Alex "Hurricane" Higgins, a two-time world champion of the billiards sport known as snooker who galvanized the game with his wild antics and quick play, was found dead Saturday at his home in Belfast, Ireland. He was 61.
Despite being diagnosed with throat cancer 10 years ago, Higgins played professionally as recently as 2007.
The volatile Irishman had a fast and thrilling style as well as a foul mouth and fiery temper that once prompted him to head-butt a referee.
He claimed the world title in 1972 and 1982 and lost in the finals in 1976 and 1980.
Higgins helped elevate snooker from a niche sport played in private clubs to one that was eventually televised worldwide. His appeal was also credited with luring heavyweight sponsors to snooker.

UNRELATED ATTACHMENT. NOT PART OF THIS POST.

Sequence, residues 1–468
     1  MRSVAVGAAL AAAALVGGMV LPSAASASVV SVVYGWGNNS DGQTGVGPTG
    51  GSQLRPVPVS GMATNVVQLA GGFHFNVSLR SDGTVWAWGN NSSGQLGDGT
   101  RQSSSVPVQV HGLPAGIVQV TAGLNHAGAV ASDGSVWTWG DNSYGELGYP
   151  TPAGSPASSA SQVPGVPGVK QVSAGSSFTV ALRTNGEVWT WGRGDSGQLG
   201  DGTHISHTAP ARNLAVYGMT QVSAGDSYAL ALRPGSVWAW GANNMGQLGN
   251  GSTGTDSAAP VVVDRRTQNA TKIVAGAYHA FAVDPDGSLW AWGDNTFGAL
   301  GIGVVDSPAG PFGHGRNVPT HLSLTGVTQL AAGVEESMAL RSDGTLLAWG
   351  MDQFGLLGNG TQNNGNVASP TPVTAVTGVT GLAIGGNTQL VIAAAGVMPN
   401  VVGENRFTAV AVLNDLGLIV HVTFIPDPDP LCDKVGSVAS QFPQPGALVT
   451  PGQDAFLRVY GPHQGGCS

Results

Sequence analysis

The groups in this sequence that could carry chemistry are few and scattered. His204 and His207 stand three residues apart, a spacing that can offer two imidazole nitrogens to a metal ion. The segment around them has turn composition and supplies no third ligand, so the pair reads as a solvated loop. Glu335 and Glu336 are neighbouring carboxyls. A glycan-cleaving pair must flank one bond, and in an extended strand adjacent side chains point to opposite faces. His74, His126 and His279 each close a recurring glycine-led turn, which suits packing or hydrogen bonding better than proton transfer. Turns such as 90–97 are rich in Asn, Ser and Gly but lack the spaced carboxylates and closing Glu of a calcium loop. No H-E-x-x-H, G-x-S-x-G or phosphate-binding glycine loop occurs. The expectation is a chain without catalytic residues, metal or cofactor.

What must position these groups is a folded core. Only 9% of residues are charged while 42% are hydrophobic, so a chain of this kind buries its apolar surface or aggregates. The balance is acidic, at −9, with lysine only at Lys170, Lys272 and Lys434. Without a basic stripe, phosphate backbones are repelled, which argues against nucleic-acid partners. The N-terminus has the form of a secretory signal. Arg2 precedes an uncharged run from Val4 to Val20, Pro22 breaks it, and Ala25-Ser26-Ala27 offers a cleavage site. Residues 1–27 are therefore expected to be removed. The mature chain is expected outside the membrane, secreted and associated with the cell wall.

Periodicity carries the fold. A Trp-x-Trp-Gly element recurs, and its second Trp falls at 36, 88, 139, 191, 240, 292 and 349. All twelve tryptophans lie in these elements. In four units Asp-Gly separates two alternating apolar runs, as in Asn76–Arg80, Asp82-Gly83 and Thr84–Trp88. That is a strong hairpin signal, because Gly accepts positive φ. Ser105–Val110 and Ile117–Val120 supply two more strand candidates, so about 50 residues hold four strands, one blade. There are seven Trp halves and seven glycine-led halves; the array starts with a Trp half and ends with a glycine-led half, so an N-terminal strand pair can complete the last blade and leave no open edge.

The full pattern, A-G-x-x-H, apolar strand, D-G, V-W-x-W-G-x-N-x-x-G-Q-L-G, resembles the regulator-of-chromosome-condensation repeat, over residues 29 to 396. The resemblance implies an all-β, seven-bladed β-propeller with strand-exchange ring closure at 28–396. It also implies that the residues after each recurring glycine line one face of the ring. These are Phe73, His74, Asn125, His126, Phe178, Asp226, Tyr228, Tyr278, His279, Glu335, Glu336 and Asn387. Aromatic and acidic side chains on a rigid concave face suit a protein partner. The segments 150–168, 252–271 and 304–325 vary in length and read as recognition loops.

"He had a magnetism that is very rare in sport," Steve Davis, a six-time snooker world champion, told Britain's Sky Sports television. "He drew a lot of people … to the game. He dragged the sport kicking and screaming forward."
Controversy was never far from the competitor who attracted tabloid headlines for his drinking, love affairs, fights and rows with officialdom. In a 2003 profile, the British Broadcasting Corp. gave him a "bad boy" rating of 11 on a scale of 10.
Alexander Gordon Higgins was born March 18, 1949, in Belfast, and had three sisters. His father worked on the railway.
By age 11, he was playing competitive snooker and funding the pastime with his winnings.
On his first attempt, he won the world snooker championship at 22, making him the game's youngest champion at the time.
Originally, he was nicknamed "Hurricane" because he played snooker so fast, but in later years it came to reflect his destructive personal streak.
In 1986, he gave a tournament director a head-butt after being asked to take a drug test. Higgins was subsequently fined and banned for 10 months. When asked whether he could live without snooker, he replied, "Can snooker live without me?"
Twice divorced, Higgins had four children.Copyright © 2015, Los Angeles Times